When it opened last year, Top Thrill Dragster replaced the three-year-old Millennium Force, some three hundred yards to its west, as the country’s tallest and fastest. The difference between the two is a fair measure of the direction of the coaster wars. Millennium Force has its terrifying touches—before launch, a cable block that pulls the train up the three-hundred-and-ten-foot lift bill slides down the track toward you, frictionless as a guillotine—but after the first huge eighty-degree drop the train glides and swoops through a succession of steep hills and smooth, sharply banked curves. On Millennium Force you feel like a bird. On Top Thrill Dragster you feel like a veal chop.
Nobody at the Walt Disney compound in Glendale, California, the headquarters of the company’s theme-park “Imagineers,” takes advantage of the division’s relaxed dress code more than Joe Rohde. On a typical day in June, he wore sandals, amulets from Kathmandu, and a light cotton shirt with yeti footprints which he bought in Bali. His beard was trimmed in a style just shy of topiary, and his left ear was decorated with a collection of sculpted earrings so heavy as to turn his earlobe into a low-hanging pendulum. It registered his excitement as he talked about Expedition Everest, the new roller coaster being built in Walt Disney World’s Animal Kingdom, in Florida. The two-hundred-foot-tall coaster, expected to open in 2006, will reportedly cost Disney a hundred million dollars. “Expedition Everest is about the sanctity of nature and the limits of human encroachment,” Rohde said. On a shelf behind him he kept a test patch of matted white fur and the skull of a gigantopithecus, a ten-foot primate, the largest on the geological record, that became extinct around five hundred thousand years ago, because the ride is also about a face-to-face encounter with an angry yeti. “The premise is that we are mountaineers and trekkers—we are Expedition Everest—and we are showing upon this day, in this little Tibetan village on the outskirts of the imaginary kingdom of Anandapur, where entrepreneurs have taken an old train that used to work the tea plantations in the foothills and rerouted it to run through the mountains to the Everest region, which we can see peeking through the path, in the distance.”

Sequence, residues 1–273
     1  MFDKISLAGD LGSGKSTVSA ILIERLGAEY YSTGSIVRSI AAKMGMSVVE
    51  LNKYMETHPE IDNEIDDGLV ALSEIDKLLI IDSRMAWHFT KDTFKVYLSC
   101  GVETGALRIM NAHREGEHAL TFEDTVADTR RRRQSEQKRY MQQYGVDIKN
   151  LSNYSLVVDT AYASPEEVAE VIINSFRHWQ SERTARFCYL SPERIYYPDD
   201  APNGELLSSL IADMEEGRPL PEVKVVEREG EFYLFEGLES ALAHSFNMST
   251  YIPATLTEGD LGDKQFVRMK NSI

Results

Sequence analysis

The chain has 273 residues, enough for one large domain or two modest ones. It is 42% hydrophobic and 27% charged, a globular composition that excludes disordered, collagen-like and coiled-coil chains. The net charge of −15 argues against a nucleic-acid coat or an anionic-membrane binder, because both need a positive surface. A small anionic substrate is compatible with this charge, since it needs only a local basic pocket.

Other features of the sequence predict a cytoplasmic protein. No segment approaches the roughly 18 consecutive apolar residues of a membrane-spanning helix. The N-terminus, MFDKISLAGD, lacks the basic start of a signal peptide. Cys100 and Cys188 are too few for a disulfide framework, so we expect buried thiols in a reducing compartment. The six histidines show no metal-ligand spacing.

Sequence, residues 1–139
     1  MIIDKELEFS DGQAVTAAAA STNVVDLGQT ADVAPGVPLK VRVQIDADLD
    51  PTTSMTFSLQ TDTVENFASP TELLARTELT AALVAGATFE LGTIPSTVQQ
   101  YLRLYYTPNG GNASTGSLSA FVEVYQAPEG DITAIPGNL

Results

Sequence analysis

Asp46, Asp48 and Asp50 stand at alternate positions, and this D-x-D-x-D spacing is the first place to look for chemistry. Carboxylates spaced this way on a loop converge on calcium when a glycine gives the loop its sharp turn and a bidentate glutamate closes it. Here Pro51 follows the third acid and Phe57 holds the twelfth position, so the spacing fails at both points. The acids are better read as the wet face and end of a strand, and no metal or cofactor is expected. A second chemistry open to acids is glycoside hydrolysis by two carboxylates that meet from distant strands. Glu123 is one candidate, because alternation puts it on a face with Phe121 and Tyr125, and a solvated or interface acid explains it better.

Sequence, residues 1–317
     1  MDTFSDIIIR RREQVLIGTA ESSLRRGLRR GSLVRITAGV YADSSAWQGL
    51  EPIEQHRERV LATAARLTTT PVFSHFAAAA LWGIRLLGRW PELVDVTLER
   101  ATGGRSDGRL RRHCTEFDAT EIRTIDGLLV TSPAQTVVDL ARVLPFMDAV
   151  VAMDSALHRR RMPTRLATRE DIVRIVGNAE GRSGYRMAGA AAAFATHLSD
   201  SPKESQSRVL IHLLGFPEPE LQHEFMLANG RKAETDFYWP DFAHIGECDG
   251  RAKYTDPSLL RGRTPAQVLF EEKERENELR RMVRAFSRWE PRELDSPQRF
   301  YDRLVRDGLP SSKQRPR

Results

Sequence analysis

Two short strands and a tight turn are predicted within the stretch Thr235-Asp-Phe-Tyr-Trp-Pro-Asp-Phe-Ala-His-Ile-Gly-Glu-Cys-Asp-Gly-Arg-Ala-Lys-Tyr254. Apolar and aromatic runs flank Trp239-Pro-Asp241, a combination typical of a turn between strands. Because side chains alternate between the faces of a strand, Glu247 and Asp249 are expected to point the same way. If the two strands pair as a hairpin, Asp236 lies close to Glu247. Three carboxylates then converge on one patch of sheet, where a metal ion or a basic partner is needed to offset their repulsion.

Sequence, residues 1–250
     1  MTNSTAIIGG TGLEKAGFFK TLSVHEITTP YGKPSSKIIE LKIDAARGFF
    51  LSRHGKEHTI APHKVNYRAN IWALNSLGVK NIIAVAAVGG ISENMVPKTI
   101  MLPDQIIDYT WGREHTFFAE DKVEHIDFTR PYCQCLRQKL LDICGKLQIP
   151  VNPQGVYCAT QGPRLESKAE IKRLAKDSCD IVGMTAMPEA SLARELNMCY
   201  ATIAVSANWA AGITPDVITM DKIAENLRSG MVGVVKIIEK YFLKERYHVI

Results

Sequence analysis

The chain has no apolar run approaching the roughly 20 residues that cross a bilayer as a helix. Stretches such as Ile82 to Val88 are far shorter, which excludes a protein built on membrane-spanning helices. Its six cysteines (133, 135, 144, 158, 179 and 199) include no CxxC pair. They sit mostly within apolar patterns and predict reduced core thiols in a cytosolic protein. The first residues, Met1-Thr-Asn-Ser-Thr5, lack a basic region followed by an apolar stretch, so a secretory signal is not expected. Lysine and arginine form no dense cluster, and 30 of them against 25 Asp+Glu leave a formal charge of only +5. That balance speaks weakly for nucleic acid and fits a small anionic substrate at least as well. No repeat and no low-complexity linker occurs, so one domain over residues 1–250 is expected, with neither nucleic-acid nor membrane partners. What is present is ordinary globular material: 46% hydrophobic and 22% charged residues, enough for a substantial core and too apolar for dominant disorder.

On a typical Disney coaster, storytelling takes precedence over brute g-forces. The big technological innovation in Expedition Everest—a high-speed track switch that allows the coaster to come to a quick stop at the top and then careen backward on a different path—owes its creation to the ride’s first plot twist. The yeti, who, according to Rohde, is serious about the sanctity of the mountains, tears up the tracks: the ride dead-ends on a scene of twisted metal at the edge of a cliff As the riders hear thunder mixing with the yeti’s roar, the train, as though possessed by fear, begins a terrified retreat, although, thanks to another track switch, it soon returns to face the terror—and finally the yeti himself—head on.